As far as the duration of the protection is concerned, a patent is granted for up to 20-something years and it must be renewed annually, and the renewal fees increase steeply especially towards the end of the term. Copyright is valid throughout the author’s lifetime plus 50/70/n years after that. A trademark registration must be renewed typically every ten years but as long as the trademark is still used in commerce, the registration can be renewed perpetually.
Is my Company Name Automatically Protected?
Yes and no. A registered trade name receives some of the protections as a registered trademark, but the protection is much weaker. With a registered trade name you are basically only protected against bad-faith use of your mark by others. If someone else files an application to register your trade name as their trademark before you do, you have to oppose the application within a specific timeframe, and even then your claim of priority will usually only succeed wholly if you can document that the earlier applicant knew about your name before they started using it.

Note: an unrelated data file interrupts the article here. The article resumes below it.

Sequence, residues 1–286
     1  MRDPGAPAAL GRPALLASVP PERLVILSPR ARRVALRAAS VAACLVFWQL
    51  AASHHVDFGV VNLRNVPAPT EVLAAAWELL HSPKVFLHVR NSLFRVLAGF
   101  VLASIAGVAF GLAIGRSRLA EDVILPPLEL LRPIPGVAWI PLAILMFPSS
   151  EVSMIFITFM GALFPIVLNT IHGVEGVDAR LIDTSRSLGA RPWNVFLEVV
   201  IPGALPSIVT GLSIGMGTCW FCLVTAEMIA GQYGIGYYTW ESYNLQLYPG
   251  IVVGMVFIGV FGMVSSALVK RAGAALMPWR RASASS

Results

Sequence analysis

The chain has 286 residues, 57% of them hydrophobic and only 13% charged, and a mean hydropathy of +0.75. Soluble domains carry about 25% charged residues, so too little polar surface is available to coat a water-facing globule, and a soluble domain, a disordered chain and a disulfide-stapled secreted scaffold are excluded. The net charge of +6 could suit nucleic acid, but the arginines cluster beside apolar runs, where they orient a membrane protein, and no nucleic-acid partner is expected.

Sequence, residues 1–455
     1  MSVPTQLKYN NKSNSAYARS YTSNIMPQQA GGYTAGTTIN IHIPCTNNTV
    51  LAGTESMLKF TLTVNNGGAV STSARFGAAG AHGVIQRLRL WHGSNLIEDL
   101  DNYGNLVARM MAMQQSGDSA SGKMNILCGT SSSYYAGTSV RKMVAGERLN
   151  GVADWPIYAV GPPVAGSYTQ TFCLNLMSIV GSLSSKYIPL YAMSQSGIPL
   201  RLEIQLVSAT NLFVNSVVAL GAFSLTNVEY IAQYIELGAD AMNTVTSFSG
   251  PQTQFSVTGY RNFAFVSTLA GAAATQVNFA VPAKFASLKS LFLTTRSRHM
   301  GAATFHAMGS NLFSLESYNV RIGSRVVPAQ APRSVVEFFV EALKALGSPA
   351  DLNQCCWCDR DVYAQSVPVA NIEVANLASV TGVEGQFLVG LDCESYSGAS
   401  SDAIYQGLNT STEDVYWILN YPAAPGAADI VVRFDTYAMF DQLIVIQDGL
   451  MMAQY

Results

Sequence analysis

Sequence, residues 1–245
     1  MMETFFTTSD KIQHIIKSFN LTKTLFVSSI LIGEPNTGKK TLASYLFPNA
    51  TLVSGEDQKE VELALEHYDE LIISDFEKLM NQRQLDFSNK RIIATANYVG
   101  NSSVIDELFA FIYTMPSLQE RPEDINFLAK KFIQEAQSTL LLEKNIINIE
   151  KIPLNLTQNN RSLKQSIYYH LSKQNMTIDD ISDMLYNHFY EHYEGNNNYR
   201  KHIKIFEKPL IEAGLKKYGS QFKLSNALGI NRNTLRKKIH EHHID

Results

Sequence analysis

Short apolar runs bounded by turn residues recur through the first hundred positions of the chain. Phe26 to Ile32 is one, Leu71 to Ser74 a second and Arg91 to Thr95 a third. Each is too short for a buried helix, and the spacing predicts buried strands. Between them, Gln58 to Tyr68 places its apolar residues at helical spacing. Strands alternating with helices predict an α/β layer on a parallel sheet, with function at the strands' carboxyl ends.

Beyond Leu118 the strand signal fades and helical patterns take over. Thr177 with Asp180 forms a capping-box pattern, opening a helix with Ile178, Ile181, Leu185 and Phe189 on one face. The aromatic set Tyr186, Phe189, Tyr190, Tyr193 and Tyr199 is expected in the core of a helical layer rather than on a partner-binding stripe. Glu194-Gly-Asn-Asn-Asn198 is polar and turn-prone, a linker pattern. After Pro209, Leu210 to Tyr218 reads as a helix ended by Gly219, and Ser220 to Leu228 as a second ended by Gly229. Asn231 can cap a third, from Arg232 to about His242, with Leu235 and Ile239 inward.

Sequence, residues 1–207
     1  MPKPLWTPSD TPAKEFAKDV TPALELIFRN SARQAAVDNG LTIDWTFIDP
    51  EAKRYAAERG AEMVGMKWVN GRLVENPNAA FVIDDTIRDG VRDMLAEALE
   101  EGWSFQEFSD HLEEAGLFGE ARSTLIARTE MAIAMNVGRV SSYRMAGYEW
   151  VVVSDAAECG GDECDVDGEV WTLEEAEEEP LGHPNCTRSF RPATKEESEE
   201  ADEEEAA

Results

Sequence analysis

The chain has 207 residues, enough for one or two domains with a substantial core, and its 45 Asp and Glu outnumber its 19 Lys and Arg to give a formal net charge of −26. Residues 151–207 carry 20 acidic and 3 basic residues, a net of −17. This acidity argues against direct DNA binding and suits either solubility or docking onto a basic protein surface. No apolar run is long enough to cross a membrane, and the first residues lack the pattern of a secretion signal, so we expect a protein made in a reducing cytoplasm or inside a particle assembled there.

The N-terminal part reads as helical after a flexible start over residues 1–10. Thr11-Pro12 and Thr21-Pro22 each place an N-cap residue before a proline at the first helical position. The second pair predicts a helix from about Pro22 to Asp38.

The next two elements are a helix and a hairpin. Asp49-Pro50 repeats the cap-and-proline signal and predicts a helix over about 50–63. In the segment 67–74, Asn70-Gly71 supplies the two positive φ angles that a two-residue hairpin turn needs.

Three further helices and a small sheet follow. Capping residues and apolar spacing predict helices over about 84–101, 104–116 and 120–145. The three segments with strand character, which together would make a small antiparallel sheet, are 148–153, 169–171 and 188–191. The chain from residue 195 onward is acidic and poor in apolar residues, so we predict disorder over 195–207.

What Should my Trademark Cover When my Business Does x, y, or z?
One easy alternative is to look up your competitors’ trademark registrations to see what products they have included and see if that makes sense. Or just ask a trademark attorney. Please remember that different trademark registries have different policies regarding the list of goods and services: in the US, you have to document actual use of the mark in commerce for the products in question before a registration is even issued, whereas in Europe generally you don’t (but even there non-use can lead to cancellation.)
Where Should I Register my Trademark?